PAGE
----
14 February 2017
14 February 2017
Prof Mark Goulthorpe, Associate Professor at the MIT Department of Architecture, teaching in undergraduate, graduate and post-graduate programs, and undergoing research in digital design and fabrication will serve as the guest keynote speaker for the Future of Composites in Construction Show & Conferences in Chicago at McCormick Convention Center, the premier convention facility in North America, Downtown Chicago, Illinois, US on 21 June 2017.
JEC Group is launching the Future of Composites in Construction Show & Conferences, a brand-new event, 100% End-User oriented and dedicated to one of the most promising composites market segments: Building & Civil Engineering, which it says is the third largest growing market for the US Composites Industry.
Goulthorpe is currently Head of the new Design Stream in the SMArchS program. Current research centres on robotic fabrication and a variety of composite fabrication methodologies, as well as a new iteration of the dynamically reconfigurable HypoSurface. Mark is also a practicing architect, acting as creative and technical director of 3 groups of networked inter-disciplinary teams: dECOi Architects, HypoSurface, and Zero+.
“Mark Goulthorpe’s vision makes him the perfect choice to support this endeavour and actively take part in substantially expanding and generalising the use of composite materials in the building and infrastructure fields,” says Nicolas Baudry, North America Shows Director at JEC Group.
The building industry is facing a productivity and affordability crisis in developed and developing markets, largely due to its inability to embrace new material-processing: over the past 30 years the building industry has decreased in productivity (despite a digital revolution) where the manufacturing sector has effectively doubled productivity. Evidently buildings face particular technical challenges, especially fire retardancy, adaptability and longevity; but many of these issues have nascent solutions developed in other sectors. However, there are no official industry leaders in the building industry to take a decisive first step; and the thought-leaders (architects and engineers) are caught in a project-by-project procurement logic that doesn’t suit sustained research and development drives. So, there is a profound need for the polymer industries to initiate comprehensive building-focused research to devise a range of emphatically-beneficial composite buildings, materials and methods that offer versatile, economical, code-compliant solutions.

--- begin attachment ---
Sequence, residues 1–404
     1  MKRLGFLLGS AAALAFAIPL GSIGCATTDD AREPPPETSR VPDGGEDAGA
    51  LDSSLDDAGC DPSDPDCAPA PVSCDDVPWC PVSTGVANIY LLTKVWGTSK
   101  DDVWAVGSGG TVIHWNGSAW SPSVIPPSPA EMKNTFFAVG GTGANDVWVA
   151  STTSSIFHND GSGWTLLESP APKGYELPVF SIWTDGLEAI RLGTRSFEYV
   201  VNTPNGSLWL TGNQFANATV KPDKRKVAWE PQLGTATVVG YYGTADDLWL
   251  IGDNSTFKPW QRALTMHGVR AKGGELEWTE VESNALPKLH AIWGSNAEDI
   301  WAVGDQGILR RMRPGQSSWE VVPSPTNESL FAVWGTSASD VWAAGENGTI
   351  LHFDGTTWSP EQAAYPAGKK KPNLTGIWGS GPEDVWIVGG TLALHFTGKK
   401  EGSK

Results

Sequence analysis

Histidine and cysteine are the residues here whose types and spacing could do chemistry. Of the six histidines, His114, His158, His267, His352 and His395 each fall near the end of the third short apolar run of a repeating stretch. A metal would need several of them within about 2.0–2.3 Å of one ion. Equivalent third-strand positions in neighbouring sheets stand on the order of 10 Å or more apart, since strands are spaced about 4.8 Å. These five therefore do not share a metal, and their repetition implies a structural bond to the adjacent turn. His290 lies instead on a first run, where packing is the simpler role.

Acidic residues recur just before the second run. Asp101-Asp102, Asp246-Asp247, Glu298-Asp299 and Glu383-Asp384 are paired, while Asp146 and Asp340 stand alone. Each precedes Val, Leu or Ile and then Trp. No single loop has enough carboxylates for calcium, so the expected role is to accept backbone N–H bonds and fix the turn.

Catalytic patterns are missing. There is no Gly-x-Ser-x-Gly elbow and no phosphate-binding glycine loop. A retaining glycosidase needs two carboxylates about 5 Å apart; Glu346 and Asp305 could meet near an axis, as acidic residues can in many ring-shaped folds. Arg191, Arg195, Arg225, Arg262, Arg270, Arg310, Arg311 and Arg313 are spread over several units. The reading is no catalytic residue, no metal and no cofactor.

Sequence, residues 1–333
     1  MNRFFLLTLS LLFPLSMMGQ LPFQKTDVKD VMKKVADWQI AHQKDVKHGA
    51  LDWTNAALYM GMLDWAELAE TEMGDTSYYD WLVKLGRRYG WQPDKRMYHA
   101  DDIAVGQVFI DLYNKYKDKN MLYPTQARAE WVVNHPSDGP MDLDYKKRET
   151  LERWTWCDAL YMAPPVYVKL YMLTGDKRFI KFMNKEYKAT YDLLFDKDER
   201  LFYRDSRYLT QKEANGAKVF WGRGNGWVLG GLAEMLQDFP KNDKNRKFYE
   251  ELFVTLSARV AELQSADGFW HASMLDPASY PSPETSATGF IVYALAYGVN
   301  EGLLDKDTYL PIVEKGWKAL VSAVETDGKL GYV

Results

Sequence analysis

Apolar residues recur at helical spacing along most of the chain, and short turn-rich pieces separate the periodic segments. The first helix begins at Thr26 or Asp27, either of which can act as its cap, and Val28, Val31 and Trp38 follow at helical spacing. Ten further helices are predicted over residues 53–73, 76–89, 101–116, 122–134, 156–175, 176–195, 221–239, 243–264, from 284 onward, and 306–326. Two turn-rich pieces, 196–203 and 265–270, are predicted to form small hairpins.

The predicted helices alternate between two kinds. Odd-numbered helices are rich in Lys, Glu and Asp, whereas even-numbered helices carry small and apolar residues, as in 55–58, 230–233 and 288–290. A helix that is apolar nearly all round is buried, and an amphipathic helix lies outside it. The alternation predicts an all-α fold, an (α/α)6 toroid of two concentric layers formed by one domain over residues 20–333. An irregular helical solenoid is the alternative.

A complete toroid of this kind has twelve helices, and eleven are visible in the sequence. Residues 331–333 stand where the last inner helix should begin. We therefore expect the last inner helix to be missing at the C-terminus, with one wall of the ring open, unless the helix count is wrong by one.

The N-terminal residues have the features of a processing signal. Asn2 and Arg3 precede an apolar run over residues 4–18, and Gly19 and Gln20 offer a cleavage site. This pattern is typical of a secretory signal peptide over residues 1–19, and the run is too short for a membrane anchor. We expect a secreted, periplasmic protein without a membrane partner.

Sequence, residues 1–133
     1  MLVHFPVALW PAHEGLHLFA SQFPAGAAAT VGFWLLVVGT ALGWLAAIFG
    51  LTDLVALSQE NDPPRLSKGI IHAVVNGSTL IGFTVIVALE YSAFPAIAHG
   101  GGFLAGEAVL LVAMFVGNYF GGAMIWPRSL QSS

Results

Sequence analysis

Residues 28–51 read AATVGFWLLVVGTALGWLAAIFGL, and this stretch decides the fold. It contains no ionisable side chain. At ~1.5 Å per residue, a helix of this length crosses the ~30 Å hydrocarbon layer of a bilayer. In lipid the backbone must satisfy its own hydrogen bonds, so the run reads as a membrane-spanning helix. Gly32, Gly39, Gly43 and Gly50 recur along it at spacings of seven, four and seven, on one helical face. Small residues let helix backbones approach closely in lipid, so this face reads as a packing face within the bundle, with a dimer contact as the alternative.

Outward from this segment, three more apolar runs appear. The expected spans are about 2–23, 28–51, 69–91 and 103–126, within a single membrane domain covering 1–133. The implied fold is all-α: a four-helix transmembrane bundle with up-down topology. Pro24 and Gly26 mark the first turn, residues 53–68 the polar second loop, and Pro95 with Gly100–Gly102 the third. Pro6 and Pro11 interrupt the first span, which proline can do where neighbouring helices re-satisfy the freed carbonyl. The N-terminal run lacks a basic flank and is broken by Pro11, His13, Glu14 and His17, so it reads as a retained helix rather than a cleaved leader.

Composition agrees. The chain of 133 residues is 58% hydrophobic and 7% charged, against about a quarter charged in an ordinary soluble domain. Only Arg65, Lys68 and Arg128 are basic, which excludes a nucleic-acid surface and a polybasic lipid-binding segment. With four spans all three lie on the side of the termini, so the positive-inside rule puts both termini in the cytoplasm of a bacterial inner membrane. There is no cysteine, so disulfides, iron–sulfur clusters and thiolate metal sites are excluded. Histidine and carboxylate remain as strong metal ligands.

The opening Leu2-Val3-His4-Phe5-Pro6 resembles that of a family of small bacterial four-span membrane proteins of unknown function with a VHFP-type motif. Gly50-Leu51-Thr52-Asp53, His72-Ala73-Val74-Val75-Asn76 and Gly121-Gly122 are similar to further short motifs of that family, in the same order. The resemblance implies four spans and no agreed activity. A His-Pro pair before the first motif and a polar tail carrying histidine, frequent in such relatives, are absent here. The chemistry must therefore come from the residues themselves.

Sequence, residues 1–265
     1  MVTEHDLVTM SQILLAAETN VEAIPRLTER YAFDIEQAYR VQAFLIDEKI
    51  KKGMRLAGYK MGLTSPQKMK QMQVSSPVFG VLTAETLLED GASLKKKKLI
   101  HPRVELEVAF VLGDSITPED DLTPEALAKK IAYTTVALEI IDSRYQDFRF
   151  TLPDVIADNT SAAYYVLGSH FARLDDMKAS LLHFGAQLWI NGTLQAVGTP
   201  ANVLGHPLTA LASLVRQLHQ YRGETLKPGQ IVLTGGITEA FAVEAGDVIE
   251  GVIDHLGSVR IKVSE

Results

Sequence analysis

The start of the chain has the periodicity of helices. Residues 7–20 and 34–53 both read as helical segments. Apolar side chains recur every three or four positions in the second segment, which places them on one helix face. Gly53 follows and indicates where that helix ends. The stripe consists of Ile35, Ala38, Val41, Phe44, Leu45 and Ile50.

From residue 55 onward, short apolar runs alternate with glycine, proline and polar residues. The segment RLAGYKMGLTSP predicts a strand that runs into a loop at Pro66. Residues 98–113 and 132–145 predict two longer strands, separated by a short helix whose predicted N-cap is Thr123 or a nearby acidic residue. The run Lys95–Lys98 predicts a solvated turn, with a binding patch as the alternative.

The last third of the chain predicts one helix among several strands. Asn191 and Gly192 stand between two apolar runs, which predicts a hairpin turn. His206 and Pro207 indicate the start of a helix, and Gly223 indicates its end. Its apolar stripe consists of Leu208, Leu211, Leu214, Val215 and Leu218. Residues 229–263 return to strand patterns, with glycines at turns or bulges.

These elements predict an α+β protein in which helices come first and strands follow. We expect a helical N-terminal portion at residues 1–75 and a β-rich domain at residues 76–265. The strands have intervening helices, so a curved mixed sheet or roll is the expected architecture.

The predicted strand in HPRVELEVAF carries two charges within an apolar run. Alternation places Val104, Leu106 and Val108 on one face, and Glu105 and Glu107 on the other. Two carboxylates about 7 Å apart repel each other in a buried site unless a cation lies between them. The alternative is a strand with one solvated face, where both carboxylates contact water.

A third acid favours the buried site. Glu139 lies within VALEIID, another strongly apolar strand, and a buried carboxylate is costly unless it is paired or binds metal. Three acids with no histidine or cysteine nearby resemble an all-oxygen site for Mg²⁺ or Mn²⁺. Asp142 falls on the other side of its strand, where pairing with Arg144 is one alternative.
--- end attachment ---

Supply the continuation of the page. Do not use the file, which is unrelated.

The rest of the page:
Beyond framing the need for composites in buildings, this talk (and the Future of Composites in Construction event in Chicago in general) will propose the creation of inter-disciplinary consortia that pool different areas of expertise to pro-actively prove-up a range of composite building methodologies, and an example of just such an inter-disciplinary initiative (ZERO+) will be shown for automated composite housing. What began as a SOLVE initiative at MIT, which now has support from groups like Shell and Tata, looks to now involving other pro-active groups interested in developing this potential market. In outlining this holistic new ZERO+ building methodology, the particularities and complexities of the building industry will be highlighted, especially in respect of building codes and the intractable nature of market reception to new materials/methods.
"Implicit in a civilisational-scale, composite-building vision is that we seek to shift emphasis from burning hydrocarbon resources (to make steel, concrete, aluminum, gypsum, etc.), and instead deploy polymeric composites as an ubiquitous building material, sequestering carbon now at macro scale. The economic opportunity is vast, but so is the potential environmental benefit, at what will be a critical period of unprecedented urban growth internationally,” Goulthorpe adds.
If you would like to learn more about the Future of Composites in Construction in Chicago, please contact Nicolas Baudry at email@example.com.
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